After listening to The Ruin of Kings, I could hardly wait to leap in to The Name of All Things. Circumstances conspired against me, however, and I ended up not listening to it for a couple of weeks after. It made no difference in my ardor, and I was floored by how quickly I was drawn right back into Lyons’ world.
Our story continues with Kihrin and his relatively new ally Star arriving at a tavern where they are introduced to Janel and Brother Qown. This meeting frames the narration as Janel, Qown, and Senera, a servant of Relos Var, take turns telling the story in the same way as Kihrin, Talon, and Thurvishar D’Lorus.
My prime concern with The Name of All Things was how Lyons would handle the narrative convention established in the first book. I was gripped and fascinated by the changing and sometimes unreliable voices in the Ruin of Kings, and I was skeptical Lyons could capture that same magic twice. In a sense, I was right because we are not treated to the same three voices, but three entirely new ones – each one unique from the three in the previous book. I can’t even imagine how exhausting that was to write. In any case, Lyons does not recapture her former magic; she reinvents it, and it is every bit as captivating as the first.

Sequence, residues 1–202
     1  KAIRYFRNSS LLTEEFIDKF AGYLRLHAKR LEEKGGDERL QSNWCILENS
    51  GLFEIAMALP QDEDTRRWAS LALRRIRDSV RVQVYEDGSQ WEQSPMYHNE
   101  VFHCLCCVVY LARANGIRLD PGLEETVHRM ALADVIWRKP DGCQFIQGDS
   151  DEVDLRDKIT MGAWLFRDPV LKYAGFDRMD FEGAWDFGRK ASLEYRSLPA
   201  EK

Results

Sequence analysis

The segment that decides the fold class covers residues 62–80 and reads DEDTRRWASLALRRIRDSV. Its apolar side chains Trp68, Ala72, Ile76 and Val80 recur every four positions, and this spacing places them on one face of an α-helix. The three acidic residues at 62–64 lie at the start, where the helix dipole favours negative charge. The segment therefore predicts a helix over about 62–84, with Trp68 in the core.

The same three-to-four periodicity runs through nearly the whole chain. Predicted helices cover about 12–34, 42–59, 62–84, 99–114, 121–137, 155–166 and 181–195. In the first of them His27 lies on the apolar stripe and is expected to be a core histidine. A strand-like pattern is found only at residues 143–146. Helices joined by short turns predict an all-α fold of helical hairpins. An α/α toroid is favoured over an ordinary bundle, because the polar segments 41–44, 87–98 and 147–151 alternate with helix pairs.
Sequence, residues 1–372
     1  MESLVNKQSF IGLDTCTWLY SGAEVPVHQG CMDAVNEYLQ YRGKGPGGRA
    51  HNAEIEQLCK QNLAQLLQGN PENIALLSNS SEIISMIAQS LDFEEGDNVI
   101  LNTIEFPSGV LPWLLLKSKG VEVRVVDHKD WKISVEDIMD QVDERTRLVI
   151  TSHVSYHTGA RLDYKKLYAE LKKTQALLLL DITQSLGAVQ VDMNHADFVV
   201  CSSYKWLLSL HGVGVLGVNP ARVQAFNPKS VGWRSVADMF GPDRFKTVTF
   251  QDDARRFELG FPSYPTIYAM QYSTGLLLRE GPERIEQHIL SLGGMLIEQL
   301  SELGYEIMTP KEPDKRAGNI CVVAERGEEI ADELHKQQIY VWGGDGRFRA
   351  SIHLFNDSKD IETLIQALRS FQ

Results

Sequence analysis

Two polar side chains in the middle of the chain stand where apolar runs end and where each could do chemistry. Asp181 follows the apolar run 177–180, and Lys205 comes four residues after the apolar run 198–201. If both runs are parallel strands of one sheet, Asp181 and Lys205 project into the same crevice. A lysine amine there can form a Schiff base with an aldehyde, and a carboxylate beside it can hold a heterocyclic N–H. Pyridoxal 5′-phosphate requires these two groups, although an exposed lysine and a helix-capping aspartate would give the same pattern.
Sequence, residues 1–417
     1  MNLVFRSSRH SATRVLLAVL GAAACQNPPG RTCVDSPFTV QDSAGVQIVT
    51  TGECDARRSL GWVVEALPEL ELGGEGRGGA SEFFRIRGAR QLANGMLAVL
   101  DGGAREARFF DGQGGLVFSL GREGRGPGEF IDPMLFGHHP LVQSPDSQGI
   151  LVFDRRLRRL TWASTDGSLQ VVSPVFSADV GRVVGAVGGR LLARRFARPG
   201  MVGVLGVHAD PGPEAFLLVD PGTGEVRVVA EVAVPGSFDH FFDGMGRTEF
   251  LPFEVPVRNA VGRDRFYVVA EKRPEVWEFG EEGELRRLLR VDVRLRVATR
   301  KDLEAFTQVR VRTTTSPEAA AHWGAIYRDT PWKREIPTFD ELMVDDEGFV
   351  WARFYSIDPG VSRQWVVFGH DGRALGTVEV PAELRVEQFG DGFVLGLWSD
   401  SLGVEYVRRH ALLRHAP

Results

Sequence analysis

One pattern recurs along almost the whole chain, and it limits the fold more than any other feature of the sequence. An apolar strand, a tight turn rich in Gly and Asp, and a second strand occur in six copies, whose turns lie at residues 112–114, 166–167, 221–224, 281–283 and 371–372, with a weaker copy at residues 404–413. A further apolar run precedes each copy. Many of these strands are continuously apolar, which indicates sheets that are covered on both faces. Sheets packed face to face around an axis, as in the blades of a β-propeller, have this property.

Magic continues to be elusive and mysterious. The struggle between gods, demons, wizards, and dragons is everything a reader of fantasy could possibly want. In addition to expert world building, Lyons also manages to weave in gender politics and how different societies express and experience gender. It’s really quite something.
If you have yet to pick up The Ruin of Kings, you should stop waiting this instant. Head on over (virtually) to your favorite independent bookseller and order a copy. With the first two books in A Chorus of Dragons, Jenn Lyons has established herself as one of the most compelling voices in fantasy. I cannot wait to get my hands on The Memory of Souls this August.